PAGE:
From 'Danceparade.org About Me' section:
"Our root is social justice. Our rhythm is unity. In the 1800’s, ballroom dancing was deemed devil’s work. In the 1920’s, New York City enacted the Cabaret Law to stem interracial dancing in Harlem Jazz Clubs. Nazi Germany banned “anarchistic” Swing Dancing in the 1930’s. Even recently, in 2006, a New York State Supreme Court ruled that, unlike other forms of art, social dance was not a constitutionally protected form of expression. We stand for all dancers, including you."
Dance is the purest form of expression that was, until recently, a punishable crime. The Cabaret Law from 1926 made it illegal to go into any type of establishment and sing, dance, act, etc. It was believed that this law was initial enacted to target racially mixed Jazz clubs but soon spread to all establishments, regardless of race. Up until Halloween 2017,when the Cabaret Law was finally and officially abolished, NYPD could literally come into any establishment and write you a ticket for expressing yourself. Crazy right?
Dance Parade makes light of the ticket situation by having its own version of 'Dance Police' that flutter up and down the parade route, dressed in their brightest colors, and hand out 'tickets' to all the parade watchers that aren't moving and shaking. (Not to worry, those tickets are actually invites to the Parade after party). There are about 140+ dance acts, mostly from the tri-state areas, some coming from other countries, that dance the entire length of the parade!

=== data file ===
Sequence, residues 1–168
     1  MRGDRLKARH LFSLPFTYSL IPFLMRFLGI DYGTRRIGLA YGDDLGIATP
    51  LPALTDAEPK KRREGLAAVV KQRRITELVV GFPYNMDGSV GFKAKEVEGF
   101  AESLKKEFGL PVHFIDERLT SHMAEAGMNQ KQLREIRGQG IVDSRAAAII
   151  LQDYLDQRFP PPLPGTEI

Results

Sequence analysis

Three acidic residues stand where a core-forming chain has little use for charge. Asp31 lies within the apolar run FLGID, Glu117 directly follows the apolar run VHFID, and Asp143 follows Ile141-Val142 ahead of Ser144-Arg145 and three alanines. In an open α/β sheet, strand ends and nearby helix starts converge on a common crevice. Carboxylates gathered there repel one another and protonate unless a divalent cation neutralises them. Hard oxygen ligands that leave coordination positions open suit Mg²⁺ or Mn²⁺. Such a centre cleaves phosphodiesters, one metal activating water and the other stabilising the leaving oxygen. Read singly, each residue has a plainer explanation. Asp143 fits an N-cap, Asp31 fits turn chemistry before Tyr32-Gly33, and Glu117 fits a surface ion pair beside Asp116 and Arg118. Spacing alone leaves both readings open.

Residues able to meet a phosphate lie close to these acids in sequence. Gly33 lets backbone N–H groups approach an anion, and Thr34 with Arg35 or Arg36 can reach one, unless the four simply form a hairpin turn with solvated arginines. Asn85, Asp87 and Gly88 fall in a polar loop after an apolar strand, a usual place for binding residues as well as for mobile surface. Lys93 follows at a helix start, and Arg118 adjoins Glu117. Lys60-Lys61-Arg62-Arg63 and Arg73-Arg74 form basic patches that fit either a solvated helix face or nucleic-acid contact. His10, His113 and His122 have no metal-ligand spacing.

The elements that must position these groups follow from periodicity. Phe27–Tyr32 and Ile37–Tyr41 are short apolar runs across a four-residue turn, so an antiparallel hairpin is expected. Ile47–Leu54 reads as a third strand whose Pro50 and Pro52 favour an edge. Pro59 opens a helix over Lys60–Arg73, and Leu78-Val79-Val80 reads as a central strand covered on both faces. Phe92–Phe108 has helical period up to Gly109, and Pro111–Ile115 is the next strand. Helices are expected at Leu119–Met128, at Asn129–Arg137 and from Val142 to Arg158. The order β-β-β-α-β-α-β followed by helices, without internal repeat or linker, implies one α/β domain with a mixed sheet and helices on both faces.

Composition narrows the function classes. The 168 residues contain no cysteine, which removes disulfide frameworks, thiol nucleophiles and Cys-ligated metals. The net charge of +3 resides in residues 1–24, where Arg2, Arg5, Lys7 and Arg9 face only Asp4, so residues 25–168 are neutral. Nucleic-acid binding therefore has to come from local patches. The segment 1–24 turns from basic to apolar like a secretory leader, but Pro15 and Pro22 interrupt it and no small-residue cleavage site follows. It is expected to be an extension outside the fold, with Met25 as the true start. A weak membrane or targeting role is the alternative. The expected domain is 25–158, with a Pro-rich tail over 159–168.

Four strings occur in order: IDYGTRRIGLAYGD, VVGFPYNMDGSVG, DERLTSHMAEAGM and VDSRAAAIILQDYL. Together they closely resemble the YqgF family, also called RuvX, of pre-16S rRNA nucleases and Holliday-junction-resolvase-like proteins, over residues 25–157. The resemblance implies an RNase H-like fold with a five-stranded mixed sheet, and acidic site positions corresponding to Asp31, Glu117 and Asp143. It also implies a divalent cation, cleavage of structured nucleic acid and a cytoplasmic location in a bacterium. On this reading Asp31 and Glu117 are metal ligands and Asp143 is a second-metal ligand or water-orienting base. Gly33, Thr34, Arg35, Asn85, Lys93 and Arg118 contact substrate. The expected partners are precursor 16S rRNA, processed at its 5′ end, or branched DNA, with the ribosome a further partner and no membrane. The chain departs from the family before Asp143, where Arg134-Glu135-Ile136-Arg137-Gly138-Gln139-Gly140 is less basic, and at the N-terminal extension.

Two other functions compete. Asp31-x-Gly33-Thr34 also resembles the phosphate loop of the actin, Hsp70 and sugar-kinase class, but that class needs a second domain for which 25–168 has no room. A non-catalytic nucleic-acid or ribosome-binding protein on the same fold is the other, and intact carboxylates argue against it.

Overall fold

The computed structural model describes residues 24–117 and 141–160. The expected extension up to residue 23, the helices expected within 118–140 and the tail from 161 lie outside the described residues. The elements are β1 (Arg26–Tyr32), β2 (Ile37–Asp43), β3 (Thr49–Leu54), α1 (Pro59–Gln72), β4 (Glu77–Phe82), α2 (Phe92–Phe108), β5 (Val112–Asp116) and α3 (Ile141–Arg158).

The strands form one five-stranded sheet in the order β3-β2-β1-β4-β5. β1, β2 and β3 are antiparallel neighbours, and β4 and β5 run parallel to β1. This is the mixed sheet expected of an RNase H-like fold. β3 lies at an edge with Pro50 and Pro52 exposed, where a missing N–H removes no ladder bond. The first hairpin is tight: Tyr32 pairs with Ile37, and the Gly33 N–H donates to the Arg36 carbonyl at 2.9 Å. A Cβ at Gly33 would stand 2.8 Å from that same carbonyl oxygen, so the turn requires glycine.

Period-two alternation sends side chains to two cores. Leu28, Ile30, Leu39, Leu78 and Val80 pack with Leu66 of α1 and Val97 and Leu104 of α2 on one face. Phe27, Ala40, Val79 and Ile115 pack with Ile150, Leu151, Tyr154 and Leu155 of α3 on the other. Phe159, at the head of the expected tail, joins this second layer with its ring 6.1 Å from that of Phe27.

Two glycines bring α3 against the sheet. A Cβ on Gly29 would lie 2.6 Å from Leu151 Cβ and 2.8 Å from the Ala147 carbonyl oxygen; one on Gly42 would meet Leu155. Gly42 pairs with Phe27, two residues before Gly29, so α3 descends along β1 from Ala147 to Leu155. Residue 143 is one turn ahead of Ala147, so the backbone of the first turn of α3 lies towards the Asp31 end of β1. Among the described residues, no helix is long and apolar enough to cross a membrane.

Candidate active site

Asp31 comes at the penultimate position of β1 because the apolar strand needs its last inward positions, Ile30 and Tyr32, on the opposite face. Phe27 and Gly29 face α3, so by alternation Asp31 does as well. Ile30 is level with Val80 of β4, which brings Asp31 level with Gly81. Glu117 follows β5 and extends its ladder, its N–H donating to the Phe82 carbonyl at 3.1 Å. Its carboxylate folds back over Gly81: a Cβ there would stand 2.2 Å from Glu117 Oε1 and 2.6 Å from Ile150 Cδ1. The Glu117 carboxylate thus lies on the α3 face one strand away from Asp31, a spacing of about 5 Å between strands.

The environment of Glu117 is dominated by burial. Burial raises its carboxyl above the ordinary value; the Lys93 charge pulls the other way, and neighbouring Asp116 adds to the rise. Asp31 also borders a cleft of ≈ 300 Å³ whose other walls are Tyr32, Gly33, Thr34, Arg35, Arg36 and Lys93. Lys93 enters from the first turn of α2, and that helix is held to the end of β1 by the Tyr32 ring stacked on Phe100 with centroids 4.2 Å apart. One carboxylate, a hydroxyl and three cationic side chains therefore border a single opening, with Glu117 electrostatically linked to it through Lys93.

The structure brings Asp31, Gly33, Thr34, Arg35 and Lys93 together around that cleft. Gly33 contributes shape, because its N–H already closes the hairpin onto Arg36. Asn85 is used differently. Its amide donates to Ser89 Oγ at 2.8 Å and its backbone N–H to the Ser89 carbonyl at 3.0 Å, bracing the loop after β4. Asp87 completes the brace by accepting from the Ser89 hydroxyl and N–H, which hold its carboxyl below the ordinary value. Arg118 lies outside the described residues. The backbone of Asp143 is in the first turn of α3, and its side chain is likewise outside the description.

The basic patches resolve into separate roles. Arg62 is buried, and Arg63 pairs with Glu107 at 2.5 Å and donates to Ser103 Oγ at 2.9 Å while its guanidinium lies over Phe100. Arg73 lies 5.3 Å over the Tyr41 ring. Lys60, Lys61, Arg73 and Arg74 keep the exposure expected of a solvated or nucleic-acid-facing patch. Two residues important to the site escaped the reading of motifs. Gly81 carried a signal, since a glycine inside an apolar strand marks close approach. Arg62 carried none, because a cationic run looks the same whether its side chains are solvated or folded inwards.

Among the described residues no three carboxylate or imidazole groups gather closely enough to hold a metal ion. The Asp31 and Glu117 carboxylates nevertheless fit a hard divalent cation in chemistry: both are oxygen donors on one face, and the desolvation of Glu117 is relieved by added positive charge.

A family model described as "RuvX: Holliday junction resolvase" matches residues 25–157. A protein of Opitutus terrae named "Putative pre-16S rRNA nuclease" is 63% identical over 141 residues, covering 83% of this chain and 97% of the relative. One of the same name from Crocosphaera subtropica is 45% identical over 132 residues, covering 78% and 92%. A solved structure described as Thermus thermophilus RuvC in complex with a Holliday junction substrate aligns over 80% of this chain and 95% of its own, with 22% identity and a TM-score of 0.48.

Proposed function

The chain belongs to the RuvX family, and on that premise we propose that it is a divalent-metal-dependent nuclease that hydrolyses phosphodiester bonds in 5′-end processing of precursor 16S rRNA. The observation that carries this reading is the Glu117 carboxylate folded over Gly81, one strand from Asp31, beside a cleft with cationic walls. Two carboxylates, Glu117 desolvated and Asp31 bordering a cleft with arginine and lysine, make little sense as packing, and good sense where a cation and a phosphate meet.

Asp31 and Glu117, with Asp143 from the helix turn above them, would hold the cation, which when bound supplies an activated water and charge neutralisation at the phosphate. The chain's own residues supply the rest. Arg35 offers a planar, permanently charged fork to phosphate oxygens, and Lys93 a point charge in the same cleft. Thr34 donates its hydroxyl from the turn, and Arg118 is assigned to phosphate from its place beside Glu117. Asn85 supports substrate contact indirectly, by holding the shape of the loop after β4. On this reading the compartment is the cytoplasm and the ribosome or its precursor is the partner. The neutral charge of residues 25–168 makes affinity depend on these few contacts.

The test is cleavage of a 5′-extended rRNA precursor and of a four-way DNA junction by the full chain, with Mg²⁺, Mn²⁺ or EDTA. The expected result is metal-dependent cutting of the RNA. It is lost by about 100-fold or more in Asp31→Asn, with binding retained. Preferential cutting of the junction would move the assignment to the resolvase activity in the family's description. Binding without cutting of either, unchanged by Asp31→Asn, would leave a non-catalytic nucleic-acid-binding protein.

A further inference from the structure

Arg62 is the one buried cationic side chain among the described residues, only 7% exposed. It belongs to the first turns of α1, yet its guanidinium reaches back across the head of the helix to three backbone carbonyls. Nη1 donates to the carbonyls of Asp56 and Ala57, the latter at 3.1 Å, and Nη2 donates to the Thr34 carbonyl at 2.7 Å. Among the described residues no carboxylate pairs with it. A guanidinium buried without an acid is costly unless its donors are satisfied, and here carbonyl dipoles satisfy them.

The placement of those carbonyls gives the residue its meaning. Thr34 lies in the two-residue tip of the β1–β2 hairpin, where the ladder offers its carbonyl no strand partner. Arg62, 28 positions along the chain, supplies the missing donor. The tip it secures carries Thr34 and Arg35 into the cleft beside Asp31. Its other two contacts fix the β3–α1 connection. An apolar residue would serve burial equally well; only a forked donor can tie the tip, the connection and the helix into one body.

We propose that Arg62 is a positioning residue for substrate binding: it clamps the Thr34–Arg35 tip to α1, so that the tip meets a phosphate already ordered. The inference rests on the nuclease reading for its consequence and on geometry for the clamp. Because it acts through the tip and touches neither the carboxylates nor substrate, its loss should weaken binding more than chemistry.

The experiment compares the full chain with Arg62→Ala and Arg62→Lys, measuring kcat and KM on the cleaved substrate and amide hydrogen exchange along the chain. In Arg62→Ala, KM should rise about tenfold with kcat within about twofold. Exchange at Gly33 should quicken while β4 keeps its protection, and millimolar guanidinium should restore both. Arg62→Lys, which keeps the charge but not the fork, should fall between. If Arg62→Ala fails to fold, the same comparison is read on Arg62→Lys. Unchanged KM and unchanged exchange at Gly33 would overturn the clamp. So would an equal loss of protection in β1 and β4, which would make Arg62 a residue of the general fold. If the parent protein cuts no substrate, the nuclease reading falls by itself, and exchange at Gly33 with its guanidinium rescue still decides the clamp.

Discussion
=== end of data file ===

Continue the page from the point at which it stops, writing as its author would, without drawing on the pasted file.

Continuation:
The Dance Parade starts at 22nd street and 6th Avenue, goes all the way down to 8th street, and goes across to end at St Marks Place. At the end of the parade route you can then find the Dance Festival. Several acts perform on four strategically placed stages, one in St Marks Place and three more in Tompkins Square Park, offer even more variations of performers starting from 2 pm until around 8 pm. The parade also has four grand marshals that ride on floats all the way down the parade route, do speeches during the dance festival, and then end their night Dj-ing or just having fun at the parade after party.
The parade uses volunteers for various duties, most of which are either walking (dancing) the parade route, being a liaison for the grand marshals and riding on the float with them, or other positions. I have been working with the Dance parade for the past three years. I started as their volunteer coordinator, followed up being a parade marshal liaison to DJ Doc Martin (were i rode on his float with his wife and friends, and hung with him the entire day) and now I'm back as a senior member of the volunteer coordination team! Ready to shake it, shake it?
Sign up at www.danceparade.org
Image taken from danceparade.org